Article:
This subseries contains Administrative Data Processing's annual reports. Reports detail the organizational and administrative developments of ADP for each fiscal year, including personnel reports, budgets, equipment specifications, systems projects, future plans, and organizational charts. Also noted are special achievements of ADP staff members, publications, articles, and reviews that are of special interest to ADP, speeches written by staff members, and notes on seminars or special courses led or taught by ADP staff. Of particular interest is a mention of President Richard M. Nixon's visit to ADP on 11 September 1968.
This subseries contains Administrative Data Processing's monthly reports. Reports summarize the plans of the individual groups or sections of ADP as well as personnel information and hiring plans.
This subseries contains miscellaneous reports and surveys compiled by Administrative Data Processing and, in one instance, by the Computation Center.
This series contains various planning documents developed by Administrative Data Processing. Included are data processing plans and objectives reports for years 1982-1991, as well as two administrative computer systems flowcharts dated April 1978 and September 1987.
Arrangement: By type, then chronologically.
This series contains Administrative Data Processing's correspondence, arranged by format, then chronologically. Most correspondence in this series is internal, largely in the form of memos. Correspondence with other business and academic offices and units at the University of North Carolina at Chapel Hill is also included, notably the Office of the Provost, the Alumni Association, the Office of the University Registrar, Student Stores, North Carolina Memorial Hospital, the Office of Undergraduate Admissions, the Graduate School, Payroll, the Library, and the Office of the Vice Chancellor for Business and Finance. Also included is the director's correspondence with computing equipment suppliers such as IBM and UNIVAC, the Triangle Universities Computation Center (TUCC), the Orange County Water and Sewer Authority (OWASA), and other data processing organizations and centers. Subjects of note include outside contracting performed by ADP and the Umstead Act, ongoing acquisitions of computer hardware and software, data security, and computer crime, publicity documents, organizational growth and space issues and the move to the 440 West Franklin Street office, the director's critique of comparatively low computer programming salaries at the university and his desire to improve them, awards won by Erwin M. Danziger, the director of ADP, and general office climate and morale issues.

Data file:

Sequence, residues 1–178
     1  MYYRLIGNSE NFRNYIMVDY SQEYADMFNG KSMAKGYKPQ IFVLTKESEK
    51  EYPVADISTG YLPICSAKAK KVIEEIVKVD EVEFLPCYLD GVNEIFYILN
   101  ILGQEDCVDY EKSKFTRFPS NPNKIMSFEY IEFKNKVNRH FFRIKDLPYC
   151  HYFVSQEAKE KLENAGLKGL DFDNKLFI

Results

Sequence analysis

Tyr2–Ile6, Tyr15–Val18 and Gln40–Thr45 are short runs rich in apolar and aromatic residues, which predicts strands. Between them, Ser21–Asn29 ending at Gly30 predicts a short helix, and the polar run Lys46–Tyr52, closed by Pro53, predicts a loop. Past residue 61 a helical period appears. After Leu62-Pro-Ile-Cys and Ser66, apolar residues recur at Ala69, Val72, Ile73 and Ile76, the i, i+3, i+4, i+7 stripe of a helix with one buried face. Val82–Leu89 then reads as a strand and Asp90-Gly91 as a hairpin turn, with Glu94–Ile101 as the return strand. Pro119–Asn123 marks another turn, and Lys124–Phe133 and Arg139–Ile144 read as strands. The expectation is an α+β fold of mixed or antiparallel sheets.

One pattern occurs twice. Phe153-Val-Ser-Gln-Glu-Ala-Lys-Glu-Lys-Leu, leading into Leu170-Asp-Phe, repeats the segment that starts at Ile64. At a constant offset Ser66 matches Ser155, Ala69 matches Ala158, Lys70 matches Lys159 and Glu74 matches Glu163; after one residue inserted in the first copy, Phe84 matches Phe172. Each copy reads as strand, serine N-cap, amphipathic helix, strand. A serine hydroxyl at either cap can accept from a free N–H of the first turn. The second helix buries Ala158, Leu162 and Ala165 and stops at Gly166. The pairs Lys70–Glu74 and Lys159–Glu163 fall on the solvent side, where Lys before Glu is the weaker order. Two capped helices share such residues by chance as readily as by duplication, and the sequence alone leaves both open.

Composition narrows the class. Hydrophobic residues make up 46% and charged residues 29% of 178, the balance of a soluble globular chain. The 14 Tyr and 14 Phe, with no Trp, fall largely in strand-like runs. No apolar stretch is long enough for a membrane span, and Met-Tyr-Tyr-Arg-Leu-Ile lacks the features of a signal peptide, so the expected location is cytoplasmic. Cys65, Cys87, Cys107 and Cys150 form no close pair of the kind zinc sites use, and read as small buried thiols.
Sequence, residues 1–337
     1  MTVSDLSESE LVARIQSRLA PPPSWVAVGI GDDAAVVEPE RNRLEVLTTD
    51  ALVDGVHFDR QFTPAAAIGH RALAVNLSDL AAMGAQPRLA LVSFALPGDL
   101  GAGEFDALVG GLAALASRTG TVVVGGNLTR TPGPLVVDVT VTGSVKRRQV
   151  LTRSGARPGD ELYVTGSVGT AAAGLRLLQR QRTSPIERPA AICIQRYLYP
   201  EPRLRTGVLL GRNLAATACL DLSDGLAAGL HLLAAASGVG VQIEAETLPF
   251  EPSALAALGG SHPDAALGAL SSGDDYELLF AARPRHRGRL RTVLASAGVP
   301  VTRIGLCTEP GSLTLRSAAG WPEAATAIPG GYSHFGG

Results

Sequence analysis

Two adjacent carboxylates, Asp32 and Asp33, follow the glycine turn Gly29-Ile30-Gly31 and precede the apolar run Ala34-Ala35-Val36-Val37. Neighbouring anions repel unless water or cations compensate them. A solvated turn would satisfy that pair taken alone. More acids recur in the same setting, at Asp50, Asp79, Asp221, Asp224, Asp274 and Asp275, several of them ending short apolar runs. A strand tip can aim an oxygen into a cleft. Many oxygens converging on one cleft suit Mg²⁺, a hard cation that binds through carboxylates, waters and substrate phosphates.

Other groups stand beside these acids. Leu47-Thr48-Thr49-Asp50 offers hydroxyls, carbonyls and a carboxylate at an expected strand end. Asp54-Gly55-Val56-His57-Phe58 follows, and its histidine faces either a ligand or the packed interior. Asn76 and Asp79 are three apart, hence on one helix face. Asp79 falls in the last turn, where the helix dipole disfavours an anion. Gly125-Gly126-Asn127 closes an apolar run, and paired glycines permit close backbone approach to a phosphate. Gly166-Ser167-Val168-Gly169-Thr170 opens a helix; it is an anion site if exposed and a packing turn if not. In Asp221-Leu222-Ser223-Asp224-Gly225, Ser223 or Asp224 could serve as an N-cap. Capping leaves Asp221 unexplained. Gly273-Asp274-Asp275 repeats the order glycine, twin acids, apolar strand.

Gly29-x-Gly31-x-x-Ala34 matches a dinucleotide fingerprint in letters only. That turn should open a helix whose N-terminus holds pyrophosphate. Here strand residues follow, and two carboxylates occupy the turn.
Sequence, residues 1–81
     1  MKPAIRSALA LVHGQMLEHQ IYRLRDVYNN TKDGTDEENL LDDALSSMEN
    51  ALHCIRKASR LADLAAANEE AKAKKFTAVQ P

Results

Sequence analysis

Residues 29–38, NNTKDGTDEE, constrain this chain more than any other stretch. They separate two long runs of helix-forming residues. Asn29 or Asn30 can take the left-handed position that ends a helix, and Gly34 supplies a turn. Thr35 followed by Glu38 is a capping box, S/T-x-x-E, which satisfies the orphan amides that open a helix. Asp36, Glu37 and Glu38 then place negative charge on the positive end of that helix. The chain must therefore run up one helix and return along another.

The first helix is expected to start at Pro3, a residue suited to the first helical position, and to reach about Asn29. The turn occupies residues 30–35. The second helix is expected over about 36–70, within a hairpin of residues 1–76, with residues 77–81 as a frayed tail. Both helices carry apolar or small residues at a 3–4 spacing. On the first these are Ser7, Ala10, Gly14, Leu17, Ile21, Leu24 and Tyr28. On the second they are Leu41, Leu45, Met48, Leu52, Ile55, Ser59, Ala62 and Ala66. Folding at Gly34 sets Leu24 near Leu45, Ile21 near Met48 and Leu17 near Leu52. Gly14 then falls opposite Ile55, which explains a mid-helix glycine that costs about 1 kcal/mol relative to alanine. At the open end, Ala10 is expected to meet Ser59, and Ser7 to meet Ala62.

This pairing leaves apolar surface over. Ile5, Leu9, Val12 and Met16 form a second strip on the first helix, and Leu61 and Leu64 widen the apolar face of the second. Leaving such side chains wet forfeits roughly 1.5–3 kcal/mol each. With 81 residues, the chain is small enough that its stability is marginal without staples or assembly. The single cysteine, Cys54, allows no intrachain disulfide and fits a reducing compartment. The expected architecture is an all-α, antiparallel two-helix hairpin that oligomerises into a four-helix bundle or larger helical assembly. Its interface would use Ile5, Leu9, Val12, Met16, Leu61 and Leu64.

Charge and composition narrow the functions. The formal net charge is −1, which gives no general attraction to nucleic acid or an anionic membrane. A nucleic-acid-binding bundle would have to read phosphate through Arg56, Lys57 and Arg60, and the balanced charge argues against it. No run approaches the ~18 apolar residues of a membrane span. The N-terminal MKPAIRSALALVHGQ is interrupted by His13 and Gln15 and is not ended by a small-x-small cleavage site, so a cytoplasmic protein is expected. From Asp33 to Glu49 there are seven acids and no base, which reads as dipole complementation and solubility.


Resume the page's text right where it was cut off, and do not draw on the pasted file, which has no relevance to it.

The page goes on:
This series also contains documents relating to the 1984 peer review of ADP conducted by the Special Interest Group on University Computer Centers (SIGUCCS) and documents describing the programs and services offered by APD to the university community and general public. Items of particular interest include an undated publicity brochure, a document titled "What does ADP do?," and a draft of an article written for the University Gazette, dated November 1986. This series also includes a file, titled Administration Application Projects, relating to special computing projects performed by Administrative Data Processing for various departments at the University of North Carolina at Chapel Hill. Of special interest are correspondence, notes, and reports documenting the Student Information Services (SIS) project, as well as projects completed for Student Stores, the School of Dentistry, and Financial Accounting. This file also contains correspondence initiating the development of the university's electronic mail policy and presence on the World Wide Web.
This series contains color and black-and-white photographs, along with negatives, of the employees, computing equipment, and offices of Administrative Data Processing. Of special interest are photographs of Erwin M. Danziger, director of ADP from its formation in 1967 to 1989. The photographs are mostly undated but seem to be from the 1980s.
Image Folder P-40265/1-3
Processed by: University Archives Staff, September 2008
Encoded by: Meg Tuomala, September 2008Back to Top